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The Abilene paradox

August 6, 2013

 

We were sitting around the office with an old pal the day after the Town Council voted, 3-2, to move ahead on creating the tourism-based Business Improvement District (TBID).

At the core of the discussion was not whether it was a good idea or a bad one, but rather the very nature of how groups of well-meaning people can make really bad decisions from time to time.

Specifically, we were focused on Mayor Rick Wood’s opposition to the measure and his citations of ill-advised, but enthusiastic council decisions in the past.

Those ranged from the proposal to red-tag the entire Sierra Valley sites (the so-called Ghetto) as a blighted area; various aspects of the Intrawest development; and most recently, the whole-hearted blessing to move ahead with the condo development at the airport, which almost landed the town in municipal bankruptcy court.

“Those all are examples of the ‘Abilene paradox,’’’ our friend declared.

The Abilene paradox, as we later learned, is a paradox in which a group of people collectively decides on a course of action that is counter to the preferences of many of the individuals in the group.

It involves a common breakdown of group communication in which each member mistakenly believes that his or her individual preferences are counter to the group’s and, therefore, does not raise objections.

The Abilene paradox was introduced by management expert Jerry B. Harvey in his article, “The Abilene Paradox: The Management of Agreement.”

The name of the phenomenon comes from an anecdote in the article that Harvey used to elucidate the paradox:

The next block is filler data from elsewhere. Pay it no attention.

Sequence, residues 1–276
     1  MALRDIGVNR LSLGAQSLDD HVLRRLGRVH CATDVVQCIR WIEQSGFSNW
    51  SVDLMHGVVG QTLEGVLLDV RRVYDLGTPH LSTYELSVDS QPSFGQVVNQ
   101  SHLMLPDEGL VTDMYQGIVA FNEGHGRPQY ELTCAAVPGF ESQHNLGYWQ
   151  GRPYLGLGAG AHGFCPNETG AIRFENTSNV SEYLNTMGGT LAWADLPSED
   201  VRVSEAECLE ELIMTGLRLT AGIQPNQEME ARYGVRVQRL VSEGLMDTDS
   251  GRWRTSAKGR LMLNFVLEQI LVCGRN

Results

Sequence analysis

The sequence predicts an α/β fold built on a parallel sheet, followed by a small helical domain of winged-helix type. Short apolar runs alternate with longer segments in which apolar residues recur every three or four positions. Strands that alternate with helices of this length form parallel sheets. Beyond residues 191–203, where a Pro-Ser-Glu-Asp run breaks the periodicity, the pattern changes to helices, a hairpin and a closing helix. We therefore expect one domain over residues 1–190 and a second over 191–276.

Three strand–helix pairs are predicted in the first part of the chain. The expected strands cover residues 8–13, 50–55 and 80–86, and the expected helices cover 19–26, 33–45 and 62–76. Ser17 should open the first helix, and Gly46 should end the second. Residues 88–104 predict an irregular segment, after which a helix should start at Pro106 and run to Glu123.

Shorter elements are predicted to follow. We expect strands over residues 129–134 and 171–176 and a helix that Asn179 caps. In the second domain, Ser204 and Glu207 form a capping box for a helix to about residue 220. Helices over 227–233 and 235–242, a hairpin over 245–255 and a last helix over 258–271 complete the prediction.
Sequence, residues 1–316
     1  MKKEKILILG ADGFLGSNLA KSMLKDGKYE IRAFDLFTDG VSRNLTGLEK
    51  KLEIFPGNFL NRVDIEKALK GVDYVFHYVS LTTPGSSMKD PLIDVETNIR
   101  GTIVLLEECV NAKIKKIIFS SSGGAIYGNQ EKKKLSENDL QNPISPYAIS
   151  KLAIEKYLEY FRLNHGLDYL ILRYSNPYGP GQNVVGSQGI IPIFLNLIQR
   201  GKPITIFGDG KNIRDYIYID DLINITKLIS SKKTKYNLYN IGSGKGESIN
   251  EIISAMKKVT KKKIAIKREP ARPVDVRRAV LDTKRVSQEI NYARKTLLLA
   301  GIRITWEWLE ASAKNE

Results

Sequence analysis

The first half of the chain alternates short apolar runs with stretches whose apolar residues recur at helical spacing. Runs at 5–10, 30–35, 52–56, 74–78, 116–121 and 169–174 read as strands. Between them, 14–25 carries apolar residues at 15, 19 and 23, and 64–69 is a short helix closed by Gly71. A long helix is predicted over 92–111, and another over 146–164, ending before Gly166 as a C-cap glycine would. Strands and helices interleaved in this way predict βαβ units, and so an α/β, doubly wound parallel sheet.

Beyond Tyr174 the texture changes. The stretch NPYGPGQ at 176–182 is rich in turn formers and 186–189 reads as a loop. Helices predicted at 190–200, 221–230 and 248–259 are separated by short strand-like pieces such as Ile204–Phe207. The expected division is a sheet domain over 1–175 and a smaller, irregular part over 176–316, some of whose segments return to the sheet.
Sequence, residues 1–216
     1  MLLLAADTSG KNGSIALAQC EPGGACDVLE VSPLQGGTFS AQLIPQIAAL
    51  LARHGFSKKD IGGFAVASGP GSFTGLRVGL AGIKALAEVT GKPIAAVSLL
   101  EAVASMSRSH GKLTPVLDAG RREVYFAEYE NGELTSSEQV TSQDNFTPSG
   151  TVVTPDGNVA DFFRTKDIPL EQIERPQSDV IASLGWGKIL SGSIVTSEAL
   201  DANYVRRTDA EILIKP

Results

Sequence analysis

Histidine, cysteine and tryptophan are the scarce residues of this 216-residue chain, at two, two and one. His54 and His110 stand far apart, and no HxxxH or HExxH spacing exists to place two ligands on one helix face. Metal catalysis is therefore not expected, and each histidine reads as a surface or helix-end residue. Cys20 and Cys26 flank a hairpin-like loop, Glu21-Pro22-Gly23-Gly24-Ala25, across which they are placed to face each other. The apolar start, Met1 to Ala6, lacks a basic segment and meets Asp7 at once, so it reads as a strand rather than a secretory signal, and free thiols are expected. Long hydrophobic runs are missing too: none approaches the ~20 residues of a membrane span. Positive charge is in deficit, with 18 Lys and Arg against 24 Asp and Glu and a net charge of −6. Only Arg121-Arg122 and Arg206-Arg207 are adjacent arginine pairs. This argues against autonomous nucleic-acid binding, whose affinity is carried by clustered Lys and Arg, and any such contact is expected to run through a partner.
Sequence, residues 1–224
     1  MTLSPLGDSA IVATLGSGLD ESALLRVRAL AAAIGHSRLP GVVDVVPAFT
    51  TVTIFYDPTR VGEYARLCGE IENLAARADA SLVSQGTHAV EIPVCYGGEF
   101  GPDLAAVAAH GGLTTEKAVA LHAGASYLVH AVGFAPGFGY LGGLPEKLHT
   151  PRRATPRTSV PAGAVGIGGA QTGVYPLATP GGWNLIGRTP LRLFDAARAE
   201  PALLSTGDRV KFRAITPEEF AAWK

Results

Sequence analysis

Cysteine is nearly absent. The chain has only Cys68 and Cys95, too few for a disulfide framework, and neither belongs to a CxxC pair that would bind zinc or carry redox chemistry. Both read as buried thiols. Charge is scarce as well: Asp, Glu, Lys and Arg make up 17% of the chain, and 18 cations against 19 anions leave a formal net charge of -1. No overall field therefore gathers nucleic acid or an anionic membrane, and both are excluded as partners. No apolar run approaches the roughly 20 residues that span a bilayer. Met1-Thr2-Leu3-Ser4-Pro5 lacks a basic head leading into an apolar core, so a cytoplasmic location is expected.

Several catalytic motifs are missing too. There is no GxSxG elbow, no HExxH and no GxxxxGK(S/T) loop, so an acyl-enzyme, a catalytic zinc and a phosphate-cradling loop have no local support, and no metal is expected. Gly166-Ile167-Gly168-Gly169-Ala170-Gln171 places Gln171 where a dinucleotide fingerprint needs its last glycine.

On a hot afternoon in Coleman, Tex., a family is comfortably playing dominoes on a porch, until the father-in-law suggests that they take a trip to Abilene, 53 miles to the north, for dinner.

The wife says, “Sounds like a great idea.” The husband, despite having reservations because the drive is long and hot, thinks that his preferences must be out-of-step with the group and says, “Sounds good to me. I just hope your mother wants to go.”

The mother-in-law then says, “Of course I want to go. I haven’t been to Abilene in a long time.”

The drive is hot, dusty, and long. When they arrive at the cafeteria, the food is as bad as the drive. They arrive back home four hours later, exhausted.

One of them dishonestly says, “It was a great trip, wasn’t it?”

The mother-in-law says that, actually, she would rather have stayed home, but went along since the other three were so enthusiastic.

The husband says, “I wasn’t delighted to be doing what we were doing. I only went to satisfy the rest of you.” The wife says, “I just went along to keep you happy. I would have had to be crazy to want to go out in the heat like that.”

The father-in-law then says that he only suggested it because he thought the others might be bored.

The group sits back, perplexed that they together decided to take a trip that none of them wanted. They each would have preferred to sit at home on the porch, comfortably playing dominoes, but did not admit to it when they still had time to enjoy the afternoon.

Is our Town Council in a constant state of Abilene paradox? We’re certainly not at all ready to say that it is. 

On the other hand…

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